Purpose: To examine the validity and reliability of performance assessment of undergraduate students using the anesthesia simulator as an evaluation tool.
Methods: After ethics approval and informed consent, 135 final year medical students and 5 elective students participated in a videotaped simulator scenario with a Link-Med Patient Simulator (CAE-Link Corporation). Scenarios were based on published educational objectives of the undergraduate curriculum in anesthesia at the University of Toronto. During the simulator sessions, faculty followed a script guiding student interaction with the mannequin. Two faculty independently viewed and evaluated each videotaped performance with a 25-point criterion-based checklist. Means and standard deviations of simulator-based marks were determined and compared with clinical and written evaluations received during the rotation. Internal consistency of the evaluation protocol was determined using inter-item and item-total correlations and correlations of specific simulator items to existing methods of evaluation.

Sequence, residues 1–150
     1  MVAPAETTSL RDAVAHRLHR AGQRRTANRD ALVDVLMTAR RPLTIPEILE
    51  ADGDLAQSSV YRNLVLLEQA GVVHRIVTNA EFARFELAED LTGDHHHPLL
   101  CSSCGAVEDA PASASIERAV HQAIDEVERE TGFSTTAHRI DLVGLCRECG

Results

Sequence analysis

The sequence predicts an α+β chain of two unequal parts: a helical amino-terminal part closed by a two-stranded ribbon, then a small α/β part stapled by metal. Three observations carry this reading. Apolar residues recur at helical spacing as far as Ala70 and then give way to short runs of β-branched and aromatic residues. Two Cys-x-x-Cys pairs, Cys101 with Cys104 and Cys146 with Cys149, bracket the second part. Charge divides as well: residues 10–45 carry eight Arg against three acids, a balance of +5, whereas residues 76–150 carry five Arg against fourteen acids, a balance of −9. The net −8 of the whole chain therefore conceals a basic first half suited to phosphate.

Results: Mean reliability estimates for single and average paired assessments were 0.77 and 0.86 respectively. Means of simulator scores were low and there was minimal correlation between the checklist and clinical marks (r = 0.13), checklist and written marks (r = 0.19) and clinical and written marks (r = 0.23). Inter-item and item-total correlations varied widely and correlation between simulator items and existing evaluation tools was low.
Conclusions: Simulator checklist scoring demonstrated acceptable reliability. Low correlation between different methods of evaluation may reflect reliability problems with the written and clinical marks, or that different aspects are being tested. The performance assessment demonstrated low internal consistency and further work is required.